10 ways in which environmental health hazard can impact negatively on one's health
If one includes tobacco smoke as an environmental hazard then it probably represents the single biggest known airborne chemical risk to health, whether measured in terms of death rates or ill-health (from lung cancer, [ [ other lung disease such as chronic bronchitis and emphysema, and disease of the heart, especially, and of blood vessels and other parts of the body). To a much lesser degree of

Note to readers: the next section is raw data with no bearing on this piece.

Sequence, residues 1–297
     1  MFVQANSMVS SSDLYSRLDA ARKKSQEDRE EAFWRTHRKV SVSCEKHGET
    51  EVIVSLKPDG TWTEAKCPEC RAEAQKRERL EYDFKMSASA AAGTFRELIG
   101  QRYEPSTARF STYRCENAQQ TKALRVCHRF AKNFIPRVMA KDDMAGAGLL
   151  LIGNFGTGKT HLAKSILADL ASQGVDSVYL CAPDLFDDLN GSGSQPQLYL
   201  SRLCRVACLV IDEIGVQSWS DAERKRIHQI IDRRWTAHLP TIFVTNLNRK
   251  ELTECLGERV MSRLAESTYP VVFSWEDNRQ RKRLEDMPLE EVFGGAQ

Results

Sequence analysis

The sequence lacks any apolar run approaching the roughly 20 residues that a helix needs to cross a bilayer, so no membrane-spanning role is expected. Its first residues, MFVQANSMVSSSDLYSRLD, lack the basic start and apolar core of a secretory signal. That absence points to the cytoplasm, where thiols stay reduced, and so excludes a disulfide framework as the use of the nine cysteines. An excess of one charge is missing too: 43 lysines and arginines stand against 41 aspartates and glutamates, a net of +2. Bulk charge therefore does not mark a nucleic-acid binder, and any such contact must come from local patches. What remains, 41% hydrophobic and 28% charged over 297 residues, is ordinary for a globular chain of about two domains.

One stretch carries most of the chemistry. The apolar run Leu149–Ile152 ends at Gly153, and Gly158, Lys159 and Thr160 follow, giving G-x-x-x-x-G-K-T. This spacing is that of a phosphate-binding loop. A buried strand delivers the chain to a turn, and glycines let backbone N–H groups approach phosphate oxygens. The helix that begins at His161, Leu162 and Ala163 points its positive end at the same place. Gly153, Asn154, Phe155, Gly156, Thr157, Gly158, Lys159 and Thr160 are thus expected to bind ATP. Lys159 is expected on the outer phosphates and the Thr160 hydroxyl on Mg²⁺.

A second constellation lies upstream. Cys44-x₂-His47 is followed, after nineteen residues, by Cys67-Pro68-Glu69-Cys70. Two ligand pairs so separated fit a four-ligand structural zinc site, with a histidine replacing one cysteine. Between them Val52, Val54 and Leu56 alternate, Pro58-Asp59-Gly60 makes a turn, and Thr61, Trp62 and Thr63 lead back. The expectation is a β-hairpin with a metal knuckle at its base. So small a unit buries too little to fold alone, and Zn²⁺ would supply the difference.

risk, these adverse effects apply to non-smokers exposed passively to sidestream tobacco smoke. General airborne pollution arises from a variety of causes but can usefully be subdivided into pollution from combustion or from other sources. The image shows the silhouette of a power station - an important source of airborne products of combustion. Combustion of coal and other solid fuels can produce smoke (containing polycyclic aromatic hydrocarbons - PAH) and sulphur dioxide besides other agents such as those also produced by: Combustion of liquid petroleum products which can generate carbon monoxide, oxides of nitrogen and other agents. Industry and incineration can generate a wide range of products of combustion such as oxides of sulphur and nitrogen, polycyclic aromatic hydrocarbons, dioxins etc. Combustion of any fossil fuel generates varying amounts of particulate matter. It also adds to the environmental burden of carbon dioxide - an important "green house" gas but in these low concentrations it does not affect human health directly. Combustion of fuel can also generate hazardous substances in other ways, besides by chemical oxidation, such as by liberating benzene (from the "cracking" of petrol) or lead (from leaded petrol). Some of the primary pollutants such as nitrogen dioxide can, under the influence of UV light generate secondary pollutants notably ozone (an allotrope of oxygen).Find out more about air quality in relation to these substances. Health effects of concern are asthma, bronchitis and similar lung diseases, and there is good evidence relating an increased risk of symptoms of these diseases with increasing concentration of sulphur dioxide, ozone and other pollutants. ] ]
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